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I'm trying to achieve something like this

public abstract class BaseEvent
{
    public abstract void Dispatch(IEventHandler handler);
}

public class MyEvent : BaseEvent
{
    public override void Dispatch(IMyEventHandler handler)
    {
        handler.OnMyEvent(this);
    }
}

public interface IEventHandler
{
}

public interface IMyEventHandler : IEventHandler
{
    void OnMyEvent(MyEvent e);
}

The problem is that the compiler complains saying that MyEvent doesn't implement BaseEvent since Dispatch is taking an IMyEventHandler instead of an IEventHandler. I don't want to let MyEvent.Dispatch take a IEventHandler then cast it to a IMyEventHandler because I would like compile time checks to make sure I'm not doing something stupid like passing in some other type of event handler. I found a possible solution (below) but I'm wondering if there is a nicer way of doing this.

public abstract class BaseEvent<H> where H : IEventHandler
{
    public abstract void Dispatch(H handler);
}

public class MyFirstEvent<H> : BaseEvent<H> where H : IMyFirstEventHandler
{
    public override void Dispatch(H handler)
    {
        handler.OnMyFirstEvent(this);
    }
}

public interface IEventHandler
{
}

public interface IMyFirstEventHandler : IEventHandler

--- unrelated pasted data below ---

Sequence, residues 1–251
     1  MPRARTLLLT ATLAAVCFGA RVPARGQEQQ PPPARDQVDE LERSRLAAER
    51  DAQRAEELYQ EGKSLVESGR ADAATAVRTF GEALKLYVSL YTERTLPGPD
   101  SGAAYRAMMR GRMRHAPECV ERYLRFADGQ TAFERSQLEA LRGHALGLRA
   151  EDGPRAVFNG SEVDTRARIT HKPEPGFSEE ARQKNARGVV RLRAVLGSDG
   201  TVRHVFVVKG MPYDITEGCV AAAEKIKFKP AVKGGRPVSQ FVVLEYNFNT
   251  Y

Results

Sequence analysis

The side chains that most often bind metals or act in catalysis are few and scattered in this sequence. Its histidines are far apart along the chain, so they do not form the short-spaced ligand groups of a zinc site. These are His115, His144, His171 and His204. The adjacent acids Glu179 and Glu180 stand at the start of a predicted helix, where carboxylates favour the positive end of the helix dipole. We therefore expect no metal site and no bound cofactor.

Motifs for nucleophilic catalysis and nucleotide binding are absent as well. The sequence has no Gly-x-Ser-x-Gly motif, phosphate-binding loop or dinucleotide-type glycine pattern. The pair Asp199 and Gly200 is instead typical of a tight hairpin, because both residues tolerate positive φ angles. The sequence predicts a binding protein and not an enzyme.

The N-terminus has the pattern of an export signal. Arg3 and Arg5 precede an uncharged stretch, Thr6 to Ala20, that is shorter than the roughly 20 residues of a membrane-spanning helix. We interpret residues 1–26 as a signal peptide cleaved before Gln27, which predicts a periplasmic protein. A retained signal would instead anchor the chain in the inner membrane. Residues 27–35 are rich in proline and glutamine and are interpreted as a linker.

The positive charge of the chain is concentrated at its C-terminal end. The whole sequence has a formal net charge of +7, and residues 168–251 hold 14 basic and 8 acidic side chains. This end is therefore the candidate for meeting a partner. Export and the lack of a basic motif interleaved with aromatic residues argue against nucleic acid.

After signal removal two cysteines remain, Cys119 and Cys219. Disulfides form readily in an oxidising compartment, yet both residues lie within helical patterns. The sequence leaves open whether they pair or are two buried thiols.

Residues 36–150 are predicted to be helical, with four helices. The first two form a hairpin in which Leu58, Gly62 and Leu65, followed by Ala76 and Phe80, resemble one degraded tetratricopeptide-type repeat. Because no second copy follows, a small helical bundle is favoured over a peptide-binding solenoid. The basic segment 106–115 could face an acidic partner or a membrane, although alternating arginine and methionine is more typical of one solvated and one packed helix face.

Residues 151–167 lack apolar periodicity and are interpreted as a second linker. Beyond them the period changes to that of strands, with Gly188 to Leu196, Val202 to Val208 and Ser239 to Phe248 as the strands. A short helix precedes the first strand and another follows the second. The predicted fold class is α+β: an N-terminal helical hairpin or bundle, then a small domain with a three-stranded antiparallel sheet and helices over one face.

{
    void OnMyFirstEvent<H>(MyFirstEvent<H> e) where H : IMyFirstEventHandler;
}

Thanks, Tom

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3 Answers 3

up vote 2 down vote accepted

I've used your approach before.

It looks pretty solid to me.

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Do you know if there is a name for this pattern? –  Tom Sep 26 '12 at 1:03
    
@Tom: I haven't heard of a name for this pattern, but when I first used it, I thought it was a classic use-case for .NET generics. Emphasis: It was the correct usage of .NET generics. [I've seen many incorrect usages of .NET generics.] –  Jim G. Sep 26 '12 at 15:13

MyEvent change the abstract method Dispatch's signature. so you got a compile time error.

how about follow code.

public class MyEvent : BaseEvent
{
    public override void Dispatch(IEventHandler handler)
    {
        if(!handler is IMyFirstEventHandler )throw new ArgumentException("message").
        ((IMyFirstEventHandler )handler).OnMyEvent(this);
    }
}
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This does not give a compilation error. Doing the wrong thing here would only result in a runtime exception. –  Tom Sep 26 '12 at 1:02

This seems pretty similar to Help With Overriding and Inheritance. I'm pretty confident you need to the keyword 'virtual' if you want to override a method.

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1  
Methods need to be virtual OR abstract; This link sums up the difference pretty nicely. Anyway, that's not the problem; the problem is that the method that my derived class is supposed to be overriding needs to take as a parameter a subclass of the parameter that the base method takes. –  Tom Sep 26 '12 at 2:57
    
Cool, thanks for that. I am learning as well. –  Andrew Sep 28 '12 at 2:07

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